Dealing with negativity and griping
“Some of my employees are enablers,” a client told me recently. “They gripe among themselves about things they don’t like, or about something I’ve done, and then when they’re in a meeting and I ask for input on the topic they are silent. Rather than speaking up to tell me what they’re unhappy about, or telling the griper to go and talk to me about it, they just enable the person to keep on complaining without taking responsibility to fix it.”
What kind of culture do you create around the issue of complaints? Are people being open with you? And on the other side of the coin, are you enabling your colleagues to create a dysfunctional, negative environment? In short: are you an enabler?
Are you shutting down communication?
When employees aren’t communicating the way they should, I always start with the manager and work my way down my mental checklist of causes. Fair or not, the leader usually contributes to the problem in some way, since the manager is in the power seat and usually influences employees’ behaviors by his or her reaction to them.
Say, for example, the employee has come to the manager in the past, but the manager didn’t listen to the complaint, or didn’t do anything about the employee’s concern. It’s a safe bet that the employee won’t be returning with many more issues, but will turn to his or her peers to grouse.
One of the biggest mistakes managers make is to justify their behavior instead of drawing out the employee’s concerns. For example, some managers are quick to explain why they made the decision they did and why their approach is right. The manager would be much better off drawing out the employee’s thoughts and perceptions, asking questions and probing to get it all out on the table. Once the manager has fully heard and understood the employee’s perspective, he or she can address the concerns straight on, rather than deflecting them with a defensive sounding rebuttal.
The thing these managers miss is that employees form their perceptions from what they believe to be good reasons, and if the manager doesn’t listen closely to why the employee has that perception or concern, the manager will miss valuable information and will shut down communication.
Do you redirect complainers to go talk to the person in question?
What do you do when someone gripes to you about a co-worker? Do you secretly enjoy the juicy gossip? Do you fan the flames because it makes you feel closer to the complainer?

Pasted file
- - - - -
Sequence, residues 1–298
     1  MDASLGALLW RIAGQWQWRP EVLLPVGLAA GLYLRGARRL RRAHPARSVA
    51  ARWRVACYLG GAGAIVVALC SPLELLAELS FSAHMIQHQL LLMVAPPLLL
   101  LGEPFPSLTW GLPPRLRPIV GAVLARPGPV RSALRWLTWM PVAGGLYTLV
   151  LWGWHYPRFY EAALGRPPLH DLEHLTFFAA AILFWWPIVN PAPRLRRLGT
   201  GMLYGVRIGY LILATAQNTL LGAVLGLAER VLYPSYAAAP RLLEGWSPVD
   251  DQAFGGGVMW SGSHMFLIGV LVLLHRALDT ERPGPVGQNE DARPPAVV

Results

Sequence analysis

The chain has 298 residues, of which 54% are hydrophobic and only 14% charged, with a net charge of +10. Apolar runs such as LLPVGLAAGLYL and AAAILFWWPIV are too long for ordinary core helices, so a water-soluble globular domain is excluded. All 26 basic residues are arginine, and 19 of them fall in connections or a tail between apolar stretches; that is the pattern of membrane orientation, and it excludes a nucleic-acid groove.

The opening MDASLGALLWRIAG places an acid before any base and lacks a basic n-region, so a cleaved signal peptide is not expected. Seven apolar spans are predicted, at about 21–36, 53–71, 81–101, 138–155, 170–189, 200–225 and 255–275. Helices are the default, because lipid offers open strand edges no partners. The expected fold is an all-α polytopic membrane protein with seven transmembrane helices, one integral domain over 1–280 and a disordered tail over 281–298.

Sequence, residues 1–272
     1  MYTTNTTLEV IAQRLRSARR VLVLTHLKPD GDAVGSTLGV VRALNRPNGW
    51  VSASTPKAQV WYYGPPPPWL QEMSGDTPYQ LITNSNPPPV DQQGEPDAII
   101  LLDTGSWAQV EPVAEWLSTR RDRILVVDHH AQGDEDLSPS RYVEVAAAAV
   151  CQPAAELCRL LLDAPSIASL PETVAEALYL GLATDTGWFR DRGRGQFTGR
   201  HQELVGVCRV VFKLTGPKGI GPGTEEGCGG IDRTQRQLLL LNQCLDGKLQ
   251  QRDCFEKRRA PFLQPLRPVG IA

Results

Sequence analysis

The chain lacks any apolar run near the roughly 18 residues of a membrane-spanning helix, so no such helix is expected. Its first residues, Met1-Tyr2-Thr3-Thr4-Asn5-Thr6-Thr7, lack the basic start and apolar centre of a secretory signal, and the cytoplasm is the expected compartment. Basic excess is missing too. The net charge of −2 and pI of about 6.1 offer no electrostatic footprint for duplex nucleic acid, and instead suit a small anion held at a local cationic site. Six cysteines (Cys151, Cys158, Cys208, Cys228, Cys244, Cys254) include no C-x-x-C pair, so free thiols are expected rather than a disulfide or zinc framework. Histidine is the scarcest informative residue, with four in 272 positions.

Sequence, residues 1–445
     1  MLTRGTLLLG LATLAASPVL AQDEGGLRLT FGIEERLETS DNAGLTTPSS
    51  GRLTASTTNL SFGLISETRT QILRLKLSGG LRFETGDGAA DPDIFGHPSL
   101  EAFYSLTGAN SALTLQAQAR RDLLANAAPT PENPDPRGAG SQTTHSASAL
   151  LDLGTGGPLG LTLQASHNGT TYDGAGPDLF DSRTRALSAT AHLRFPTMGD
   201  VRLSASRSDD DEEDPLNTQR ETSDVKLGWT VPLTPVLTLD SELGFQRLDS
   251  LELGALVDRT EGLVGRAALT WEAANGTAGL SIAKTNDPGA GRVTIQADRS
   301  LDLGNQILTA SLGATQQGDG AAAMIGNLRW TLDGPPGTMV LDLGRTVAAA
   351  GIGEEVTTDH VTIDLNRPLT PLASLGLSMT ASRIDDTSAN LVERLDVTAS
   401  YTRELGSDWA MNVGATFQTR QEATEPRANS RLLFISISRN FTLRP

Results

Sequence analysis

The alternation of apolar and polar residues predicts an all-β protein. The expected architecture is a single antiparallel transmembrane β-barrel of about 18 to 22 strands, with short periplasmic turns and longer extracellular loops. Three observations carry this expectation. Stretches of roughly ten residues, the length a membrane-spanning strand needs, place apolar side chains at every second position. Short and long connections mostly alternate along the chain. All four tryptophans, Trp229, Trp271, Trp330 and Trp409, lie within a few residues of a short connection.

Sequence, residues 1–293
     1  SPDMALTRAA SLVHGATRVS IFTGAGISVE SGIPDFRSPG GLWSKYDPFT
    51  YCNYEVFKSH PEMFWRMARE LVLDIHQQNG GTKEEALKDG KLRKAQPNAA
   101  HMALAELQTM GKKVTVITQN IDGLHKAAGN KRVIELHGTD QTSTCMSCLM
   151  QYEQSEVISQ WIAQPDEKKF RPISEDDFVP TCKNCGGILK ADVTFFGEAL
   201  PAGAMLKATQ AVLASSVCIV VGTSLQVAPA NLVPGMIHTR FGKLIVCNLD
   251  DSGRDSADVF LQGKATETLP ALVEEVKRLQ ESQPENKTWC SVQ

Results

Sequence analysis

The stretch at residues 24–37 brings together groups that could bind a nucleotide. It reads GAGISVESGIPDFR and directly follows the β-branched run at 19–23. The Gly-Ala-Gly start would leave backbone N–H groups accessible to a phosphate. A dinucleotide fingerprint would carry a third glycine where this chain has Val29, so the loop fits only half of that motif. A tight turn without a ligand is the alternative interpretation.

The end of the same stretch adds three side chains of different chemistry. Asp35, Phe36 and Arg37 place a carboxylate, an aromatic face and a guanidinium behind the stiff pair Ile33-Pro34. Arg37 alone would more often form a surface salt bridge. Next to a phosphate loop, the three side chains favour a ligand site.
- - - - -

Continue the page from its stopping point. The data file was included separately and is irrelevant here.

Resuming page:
Often, I see camps form in the workplace: team members sub-group in little cliques and bad-mouth each other, or employees gather against their boss. Sometimes these camps grow into full-scale factions that can not be repaired.
A simple solution, but one that is often skipped, is to redirect the complainer to go talk to the right person. Instead of, “Yeah, she really is an ego-maniac!” why not say, “You know I can see why you’re upset. It won’t do you any good to tell me, though. Why don’t you go talk to her about it. If you don’t talk to her, it can’t get resolved.”
Do you facilitate solutions rather than collude with the griper?
Which direction do you tend to lean? When someone is upset about someone else’s behavior, do you sooth their ruffled feelings, or, do you really help the person find solutions to the problem? Which comment do you think is more helpful?
1. “Wow, that would make me angry, too! I can’t believe she would do that to you!”
2. Or, questions like these: “I can see why you’re upset. Have you talked with her about it?” “What do you think caused her to do that?” “What do you think you could say?”
Re-examine your reaction to a complaint about someone or something at work. Are you an enabler?
Joan Lloyd is a Milwaukee based executive coach and organizational & leadership development strategist.
She is known for her ability to help leaders and their teams achieve measurable, lasting improvements. Joan Lloyd & Associates, specializes in leadership development, organizational change and teambuilding, providing: executive coaching, CEO coaching & leader team coaching, 360-degree feedback processes, retreat facilitation and presentation skill coaching and small group labs. Contact Joan Lloyd & Associates at (414) 354-9500, mailto:email@example.com
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